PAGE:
Sitting down to write a direct mail fundraising letter can be a daunting task, particularly for someone who only does it once or twice per year. It can seem like your whole fundraising goal is riding on every word you write, and the self-inflicted pressure often builds up into a form of writer’s block.
Fear not! Writing a profitable fundraising appeal is not an insurmountable task, and with time and practice, you may even find that you enjoy the chance to take the phone off the hook, close your e-mail client, and spend a few hours writing about your non-profit and the people you serve.
Here are the 5 steps I use when I sit down to write a non-profit fundraising letter:
Before you put pen to paper, it’s important that you determine why you are writing this fundraising letter. You may be saying to yourself, “What a silly step! The answer is: to raise money!” That’s true, but you need to dig deeper.
How much money do you need to raise? What will the money be used for? In what increments will your donors likely be able to donate? What will you be able to do with each of those increments?
For example, your organization may be building a hospital in an impoverished nation. You need $50,000 from this particular appeal, which will pay for the next three months of construction, during which time you will be putting on the roof. Your donors are likely to give in $50, $100, and $250 increments. $50 will buy 25 roof tiles. $100 will buy 50 roof tiles, or one square yard of roof. $250 pays for an entire day’s labor at your worksite.
This information is important, because it will form the basis of your letter’s message and fundraising ask.
Everything you do in a non-profit, and every letter you write, should be mission-focused. Your organization’s purpose for existing is to make a difference. The goals you are laying out should further that mission and help make that difference.
For this fundraising letter, you need to figure out how meeting this particular goal connects with your organization’s overall mission.
In our hospital-building example, your organization may be dedicated to improving the health and lifespan of people living in poverty worldwide. You may determine that building this particular hospital will provide access to medical care for 50 square miles, home to 25,000 people who previously had no access to emergency or ongoing medical providers.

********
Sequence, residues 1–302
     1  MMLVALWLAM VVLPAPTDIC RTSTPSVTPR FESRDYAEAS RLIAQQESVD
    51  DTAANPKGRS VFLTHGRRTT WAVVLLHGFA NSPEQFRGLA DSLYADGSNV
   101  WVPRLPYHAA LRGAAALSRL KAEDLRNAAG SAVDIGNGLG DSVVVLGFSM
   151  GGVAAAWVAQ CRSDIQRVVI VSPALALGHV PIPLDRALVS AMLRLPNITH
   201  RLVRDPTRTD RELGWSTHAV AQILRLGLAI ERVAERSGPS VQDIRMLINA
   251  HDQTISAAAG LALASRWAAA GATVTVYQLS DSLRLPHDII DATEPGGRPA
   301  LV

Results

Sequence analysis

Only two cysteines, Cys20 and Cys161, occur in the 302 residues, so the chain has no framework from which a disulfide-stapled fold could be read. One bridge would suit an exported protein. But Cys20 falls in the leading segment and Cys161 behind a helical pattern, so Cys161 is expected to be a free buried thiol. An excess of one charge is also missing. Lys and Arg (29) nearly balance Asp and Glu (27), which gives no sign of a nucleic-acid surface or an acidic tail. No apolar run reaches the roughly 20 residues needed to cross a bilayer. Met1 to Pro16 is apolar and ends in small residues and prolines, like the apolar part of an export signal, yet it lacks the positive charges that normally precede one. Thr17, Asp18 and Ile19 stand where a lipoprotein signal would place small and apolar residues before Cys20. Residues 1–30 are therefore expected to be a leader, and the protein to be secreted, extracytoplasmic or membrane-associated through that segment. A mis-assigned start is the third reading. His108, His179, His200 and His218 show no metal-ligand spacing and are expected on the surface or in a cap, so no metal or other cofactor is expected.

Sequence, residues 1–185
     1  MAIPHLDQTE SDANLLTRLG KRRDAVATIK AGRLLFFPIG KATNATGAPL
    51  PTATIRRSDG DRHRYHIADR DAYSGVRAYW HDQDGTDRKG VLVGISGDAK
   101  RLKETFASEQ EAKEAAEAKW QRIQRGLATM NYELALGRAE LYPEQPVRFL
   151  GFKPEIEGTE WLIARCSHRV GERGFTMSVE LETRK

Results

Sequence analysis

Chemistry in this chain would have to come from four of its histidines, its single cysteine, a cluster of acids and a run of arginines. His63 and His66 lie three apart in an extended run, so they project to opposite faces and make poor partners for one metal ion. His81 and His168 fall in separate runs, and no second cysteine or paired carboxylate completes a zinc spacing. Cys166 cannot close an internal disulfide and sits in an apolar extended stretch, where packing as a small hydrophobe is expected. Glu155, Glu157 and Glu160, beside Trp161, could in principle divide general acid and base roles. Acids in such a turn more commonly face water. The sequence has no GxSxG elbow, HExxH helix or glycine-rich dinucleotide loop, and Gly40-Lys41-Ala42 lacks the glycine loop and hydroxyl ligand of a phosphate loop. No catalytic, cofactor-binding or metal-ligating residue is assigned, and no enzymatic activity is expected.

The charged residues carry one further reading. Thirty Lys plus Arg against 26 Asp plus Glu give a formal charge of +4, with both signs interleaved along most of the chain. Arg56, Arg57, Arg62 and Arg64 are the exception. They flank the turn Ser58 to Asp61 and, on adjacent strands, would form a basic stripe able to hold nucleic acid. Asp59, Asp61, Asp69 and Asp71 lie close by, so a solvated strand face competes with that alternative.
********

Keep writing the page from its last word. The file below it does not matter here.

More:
This information is important, because it will provide a connection between this project and your long-term supporters, as well as help convert new donors into longer-term friends.
Now that you know how much you want to raise, what that money will be used for, and how that work connects with your mission, it’s time to find some proof that what you say is true. Many donors like facts and figures, and I always try to include at least a few quantifiable facts into my fundraising letters, to show donors that we’ve done the research and have the knowledge to succeed in accomplishing our goals.
What facts and figures (proof) do you have for your claims? For our example charity that is trying to build a hospital, we’ve already listed some important facts: the charity’s mission is helping impoverished families get access to medical care, and they showed that completing this hospital will provide medical services to 25,000 people. Perhaps they could also show how many illnesses go untreated in proximity to this unfinished hospital, and provide an estimate of how life expectancy changes when access to medical care is introduced for the first time.
Once you have your facts and figures together, it’s time to gather emotionally compelling stories. These stories should be true (even if you change names to protect anonymity), and will provide the lion’s share of the content for your fundraising appeal. People want to hear about people. Donors don’t want to give to nameless entities or vague goals – they want to see what real and tangible impact their dollars will have. The best way for them to see that impact is with compelling stories.
The stories you choose can take many different forms. You may have stories about people you have already helped, or you could include stories about the people you want to help (or both). In our hospital example, you could have stories about sick children who were healed at other hospitals you built, or stories about an ill grandmother you want to help, but can’t until the hospital is built.
You could use stories about donors and how their lives have changed since they donated to your project, or stories about your own personal experience with your mission. Be creative, and gather a number of stories for possible inclusion in your appeal.
Now you’re ready to write your letter. First, read the writing tips in Effective Fundraising by Mail. Then, get prepared. I always turn off my phone, click off my e-mail, close the door, and try to avoid distractions. Let the information you gathered in the first four steps be your guide. If you get stuck, take a break, then come back and read through the stories again. Enjoy the process, and the profit will follow.